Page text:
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Illinois hunting and fishing

Tim Weaver competes at the Illinois Deer & Turkey Classic.

Perfecting the call of the wild

April 02, 2011 at 09:17 PM

Prairie State Outdoors

Top turkey callers say a calling competition has one thing in common with the real thing.

Pressure.

“When you practice more, you are going to be more comfortable making all the calls whenever you get nervous during a hunt,” says Tim Weaver of Red Bud, located south of St. Louis in Randolph County.

Weaver took first place in the Illinois State Division of the Illinois Turkey Calling & Owl Hooting Championships held as part of the Illinois Deer & Turkey Classic in Peoria last weekend.

The Mackinaw Valley Gobblers and Woodford County Sharp Spurs chapters of the National Wild Turkey Federation provided volunteers to run the three-hour competition.

Turkey hunting starts for real this weekend with the youth hunt in the north zone — including central Illinois.

The regular season opens in counties roughly south of Interstate 70 on Monday, and on April 11 in the north zone.

During the competition, callers offer up their best yelps, cackles, purrs, clucks and owl hoots while trying to impress a panel of judges who are separated from the contestants by a black curtain.

At first glance, owl hooting may not seem to fit in.

But turkey hunters will tell you that a nervous gobbler may react to an owl hoot, thus giving away its roosting location to a hunter setting up in the pre-dawn darkness.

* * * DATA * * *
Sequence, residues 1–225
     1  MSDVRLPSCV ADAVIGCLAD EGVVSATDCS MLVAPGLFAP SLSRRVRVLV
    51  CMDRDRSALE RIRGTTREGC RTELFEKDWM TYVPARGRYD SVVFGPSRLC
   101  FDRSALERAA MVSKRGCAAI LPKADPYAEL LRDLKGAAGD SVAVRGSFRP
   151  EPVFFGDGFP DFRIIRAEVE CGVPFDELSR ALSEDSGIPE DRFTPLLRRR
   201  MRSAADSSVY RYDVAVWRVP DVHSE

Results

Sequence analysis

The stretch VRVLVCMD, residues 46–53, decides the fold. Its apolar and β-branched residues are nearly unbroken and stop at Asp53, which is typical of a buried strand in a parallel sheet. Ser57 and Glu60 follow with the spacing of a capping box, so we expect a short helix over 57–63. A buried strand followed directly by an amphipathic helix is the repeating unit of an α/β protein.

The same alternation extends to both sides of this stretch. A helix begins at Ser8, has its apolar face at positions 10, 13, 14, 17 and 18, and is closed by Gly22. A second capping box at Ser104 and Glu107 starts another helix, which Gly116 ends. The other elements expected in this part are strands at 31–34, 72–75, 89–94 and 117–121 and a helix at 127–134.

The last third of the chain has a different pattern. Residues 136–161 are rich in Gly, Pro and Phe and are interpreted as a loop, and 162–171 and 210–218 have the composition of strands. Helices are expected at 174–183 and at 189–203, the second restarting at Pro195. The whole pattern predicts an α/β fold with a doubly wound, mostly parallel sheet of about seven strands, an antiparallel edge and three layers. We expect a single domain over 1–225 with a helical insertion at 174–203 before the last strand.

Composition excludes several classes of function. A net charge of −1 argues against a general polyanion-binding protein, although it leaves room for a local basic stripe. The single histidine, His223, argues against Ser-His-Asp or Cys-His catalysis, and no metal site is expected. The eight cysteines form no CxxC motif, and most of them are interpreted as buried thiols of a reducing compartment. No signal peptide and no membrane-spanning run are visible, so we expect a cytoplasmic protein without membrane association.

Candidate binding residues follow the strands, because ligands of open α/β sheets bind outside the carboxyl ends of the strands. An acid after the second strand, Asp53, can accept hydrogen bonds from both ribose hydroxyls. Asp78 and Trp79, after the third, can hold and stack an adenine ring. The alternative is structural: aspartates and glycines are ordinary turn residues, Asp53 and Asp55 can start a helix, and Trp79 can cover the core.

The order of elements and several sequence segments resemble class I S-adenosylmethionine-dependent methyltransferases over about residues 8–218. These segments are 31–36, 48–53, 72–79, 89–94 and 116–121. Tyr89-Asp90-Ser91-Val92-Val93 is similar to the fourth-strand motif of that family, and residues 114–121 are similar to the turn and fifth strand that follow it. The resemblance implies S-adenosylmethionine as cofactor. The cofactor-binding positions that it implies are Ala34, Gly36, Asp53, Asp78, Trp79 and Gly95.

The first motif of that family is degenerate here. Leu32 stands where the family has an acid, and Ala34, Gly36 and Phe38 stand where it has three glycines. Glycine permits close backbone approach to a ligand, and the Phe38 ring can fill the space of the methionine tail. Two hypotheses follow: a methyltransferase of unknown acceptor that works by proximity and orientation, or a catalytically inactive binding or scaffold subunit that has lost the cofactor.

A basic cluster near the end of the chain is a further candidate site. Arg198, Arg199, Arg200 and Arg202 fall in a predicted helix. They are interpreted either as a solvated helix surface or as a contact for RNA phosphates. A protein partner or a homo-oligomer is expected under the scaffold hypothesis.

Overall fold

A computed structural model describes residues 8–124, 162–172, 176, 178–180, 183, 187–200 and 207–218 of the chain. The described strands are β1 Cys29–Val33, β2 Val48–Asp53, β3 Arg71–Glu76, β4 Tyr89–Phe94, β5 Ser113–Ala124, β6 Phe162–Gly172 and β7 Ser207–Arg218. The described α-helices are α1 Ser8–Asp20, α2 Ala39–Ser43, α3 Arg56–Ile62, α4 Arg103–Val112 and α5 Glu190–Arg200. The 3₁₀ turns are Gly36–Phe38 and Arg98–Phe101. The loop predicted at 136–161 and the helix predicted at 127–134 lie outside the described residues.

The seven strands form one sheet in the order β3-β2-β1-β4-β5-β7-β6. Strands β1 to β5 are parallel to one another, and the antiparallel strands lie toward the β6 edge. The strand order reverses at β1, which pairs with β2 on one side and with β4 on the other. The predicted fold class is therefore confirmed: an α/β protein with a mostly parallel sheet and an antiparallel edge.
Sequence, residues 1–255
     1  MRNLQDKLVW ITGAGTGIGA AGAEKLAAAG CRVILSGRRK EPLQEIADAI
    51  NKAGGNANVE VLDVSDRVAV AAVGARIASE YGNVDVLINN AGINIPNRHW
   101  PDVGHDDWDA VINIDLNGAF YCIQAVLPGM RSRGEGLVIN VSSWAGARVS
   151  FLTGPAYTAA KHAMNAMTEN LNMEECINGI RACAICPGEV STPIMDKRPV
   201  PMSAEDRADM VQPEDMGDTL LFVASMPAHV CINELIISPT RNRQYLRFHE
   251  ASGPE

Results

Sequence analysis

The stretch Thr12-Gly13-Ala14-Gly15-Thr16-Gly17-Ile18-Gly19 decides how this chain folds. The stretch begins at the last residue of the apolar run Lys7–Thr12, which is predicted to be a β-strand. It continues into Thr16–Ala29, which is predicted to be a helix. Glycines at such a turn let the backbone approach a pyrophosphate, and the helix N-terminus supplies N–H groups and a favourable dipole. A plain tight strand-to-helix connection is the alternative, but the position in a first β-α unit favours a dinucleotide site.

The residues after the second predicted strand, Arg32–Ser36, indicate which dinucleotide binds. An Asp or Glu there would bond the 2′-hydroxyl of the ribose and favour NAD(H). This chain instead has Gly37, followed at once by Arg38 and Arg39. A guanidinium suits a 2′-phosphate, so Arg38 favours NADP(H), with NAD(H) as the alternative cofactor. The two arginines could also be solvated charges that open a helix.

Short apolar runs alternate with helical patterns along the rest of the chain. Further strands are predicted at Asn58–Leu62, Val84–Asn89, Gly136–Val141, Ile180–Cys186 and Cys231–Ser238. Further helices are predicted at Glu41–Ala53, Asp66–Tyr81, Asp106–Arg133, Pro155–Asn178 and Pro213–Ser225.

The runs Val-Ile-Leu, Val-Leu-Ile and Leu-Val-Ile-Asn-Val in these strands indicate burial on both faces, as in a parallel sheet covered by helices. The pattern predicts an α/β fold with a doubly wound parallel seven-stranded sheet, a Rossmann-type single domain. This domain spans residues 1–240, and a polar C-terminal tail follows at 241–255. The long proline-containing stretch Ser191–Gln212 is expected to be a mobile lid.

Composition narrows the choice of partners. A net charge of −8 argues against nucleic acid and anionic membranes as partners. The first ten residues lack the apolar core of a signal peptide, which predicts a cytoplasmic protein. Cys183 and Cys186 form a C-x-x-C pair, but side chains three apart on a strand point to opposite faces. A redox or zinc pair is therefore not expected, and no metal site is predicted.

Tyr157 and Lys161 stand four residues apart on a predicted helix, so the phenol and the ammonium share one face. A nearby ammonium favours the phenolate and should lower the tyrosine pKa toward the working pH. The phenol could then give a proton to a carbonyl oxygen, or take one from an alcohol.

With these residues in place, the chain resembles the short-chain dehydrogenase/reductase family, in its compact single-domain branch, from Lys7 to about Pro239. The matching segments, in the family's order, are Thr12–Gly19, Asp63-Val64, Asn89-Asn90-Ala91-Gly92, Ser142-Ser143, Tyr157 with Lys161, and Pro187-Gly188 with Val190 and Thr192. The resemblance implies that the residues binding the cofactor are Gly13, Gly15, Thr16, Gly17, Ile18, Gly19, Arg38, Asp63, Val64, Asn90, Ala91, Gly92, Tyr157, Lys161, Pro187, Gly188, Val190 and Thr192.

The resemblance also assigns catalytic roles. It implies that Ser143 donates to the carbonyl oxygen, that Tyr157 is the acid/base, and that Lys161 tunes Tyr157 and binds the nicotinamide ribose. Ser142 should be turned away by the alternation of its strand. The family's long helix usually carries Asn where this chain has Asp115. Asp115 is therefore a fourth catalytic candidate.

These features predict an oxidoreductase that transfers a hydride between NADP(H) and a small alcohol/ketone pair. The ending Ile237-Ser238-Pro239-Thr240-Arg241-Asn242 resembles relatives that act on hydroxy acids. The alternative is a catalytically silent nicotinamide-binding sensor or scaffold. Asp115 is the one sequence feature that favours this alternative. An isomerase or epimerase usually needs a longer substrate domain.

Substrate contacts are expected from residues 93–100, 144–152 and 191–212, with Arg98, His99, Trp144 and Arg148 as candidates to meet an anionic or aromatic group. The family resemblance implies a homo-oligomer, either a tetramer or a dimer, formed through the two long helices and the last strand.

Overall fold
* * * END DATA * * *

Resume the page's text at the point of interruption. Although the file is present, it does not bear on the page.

If all goes according to plan, the whole suite of calls helps hunters find a turkey and attract it into range.

 

‘Excellent practice’
Weaver, who took third place last year, says wary turkeys have heard it all and are hard to fool.

“It helps you to call in birds that are hunted a lot and hear people calling all the time,” he says. “I think the more real you sound, the better chance you have.”

And even though the climate-controlled Peoria Civic Center is a long way from the turkey woods, calling in front of judges is as close to the real thing as one can get indoors.

“It’s excellent practice,” Weaver says.

John Wagner of Medora, which is south of Greenfield, won the Hunter Class.

He says calling in contests has helped his everyday calling.

“It just builds your confidence up,” he says. “I was able to do calls better out in the woods, even ones I didn’t think I could do.”

Youth winner Jacob Kuechle, 15, of Maryville, says he wishes more kids would get involved.

“It’s fun to get out there and (compete),” he says. “If we could get a lot more kids, it would be a lot more fun.”

Kuechle says he practices almost every day when calling contests approach.

“Usually, the first couple of months before the contest it’s pretty much every day of the week,” he says. “I practice mostly after school — about an hour or so a day.”

Asked if he gives that much time to his homework, the Collinsville High School student smiles and shrugs his shoulders.

“It depends.”

Chris Young can be reached at (217) 788-1528,


Illinois hunting and fishing


Illinois hunting and fishing

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